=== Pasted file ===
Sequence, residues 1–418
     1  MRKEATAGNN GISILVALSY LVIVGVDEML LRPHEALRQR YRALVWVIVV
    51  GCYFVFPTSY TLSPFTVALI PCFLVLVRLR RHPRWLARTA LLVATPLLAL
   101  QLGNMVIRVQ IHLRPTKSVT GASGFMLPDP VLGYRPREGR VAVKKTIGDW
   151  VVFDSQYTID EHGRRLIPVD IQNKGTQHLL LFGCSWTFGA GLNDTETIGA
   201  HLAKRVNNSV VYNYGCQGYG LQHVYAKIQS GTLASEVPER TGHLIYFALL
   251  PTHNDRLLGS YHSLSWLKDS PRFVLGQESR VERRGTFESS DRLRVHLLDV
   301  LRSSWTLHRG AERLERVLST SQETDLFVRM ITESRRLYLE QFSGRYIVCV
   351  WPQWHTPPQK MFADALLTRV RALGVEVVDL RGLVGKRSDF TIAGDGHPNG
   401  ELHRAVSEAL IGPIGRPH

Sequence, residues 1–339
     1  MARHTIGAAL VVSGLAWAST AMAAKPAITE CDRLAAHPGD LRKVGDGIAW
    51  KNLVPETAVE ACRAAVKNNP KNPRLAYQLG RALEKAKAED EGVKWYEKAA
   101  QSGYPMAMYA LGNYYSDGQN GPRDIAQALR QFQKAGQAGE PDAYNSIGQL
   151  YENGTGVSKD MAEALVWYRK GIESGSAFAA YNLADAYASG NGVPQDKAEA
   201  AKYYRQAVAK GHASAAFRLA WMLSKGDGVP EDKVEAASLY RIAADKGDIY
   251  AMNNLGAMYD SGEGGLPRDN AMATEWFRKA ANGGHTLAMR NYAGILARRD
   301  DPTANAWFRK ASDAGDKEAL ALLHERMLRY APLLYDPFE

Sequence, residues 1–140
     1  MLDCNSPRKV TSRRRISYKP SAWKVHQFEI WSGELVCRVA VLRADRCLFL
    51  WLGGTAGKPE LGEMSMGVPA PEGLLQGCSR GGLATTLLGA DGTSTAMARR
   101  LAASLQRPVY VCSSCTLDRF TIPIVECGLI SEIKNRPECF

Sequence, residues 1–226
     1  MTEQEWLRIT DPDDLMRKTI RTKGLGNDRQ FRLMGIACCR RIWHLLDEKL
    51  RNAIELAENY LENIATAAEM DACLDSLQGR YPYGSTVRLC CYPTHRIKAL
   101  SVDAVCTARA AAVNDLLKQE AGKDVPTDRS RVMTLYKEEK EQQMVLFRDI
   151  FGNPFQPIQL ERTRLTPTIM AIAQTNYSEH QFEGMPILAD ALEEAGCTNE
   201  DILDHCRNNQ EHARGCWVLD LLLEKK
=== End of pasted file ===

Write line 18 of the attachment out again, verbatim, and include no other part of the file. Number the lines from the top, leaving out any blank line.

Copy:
   301  DPTANAWFRK ASDAGDKEAL ALLHERMLRY APLLYDPFE